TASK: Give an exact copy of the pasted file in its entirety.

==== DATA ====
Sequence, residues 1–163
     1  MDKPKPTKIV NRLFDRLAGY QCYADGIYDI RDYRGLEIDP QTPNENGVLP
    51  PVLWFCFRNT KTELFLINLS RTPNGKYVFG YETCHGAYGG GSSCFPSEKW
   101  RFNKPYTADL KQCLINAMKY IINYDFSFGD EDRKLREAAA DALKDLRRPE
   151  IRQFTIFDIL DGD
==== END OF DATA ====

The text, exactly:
Sequence, residues 1–163
     1  MDKPKPTKIV NRLFDRLAGY QCYADGIYDI RDYRGLEIDP QTPNENGVLP
    51  PVLWFCFRNT KTELFLINLS RTPNGKYVFG YETCHGAYGG GSSCFPSEKW
   101  RFNKPYTADL KQCLINAMKY IINYDFSFGD EDRKLREAAA DALKDLRRPE
   151  IRQFTIFDIL DGD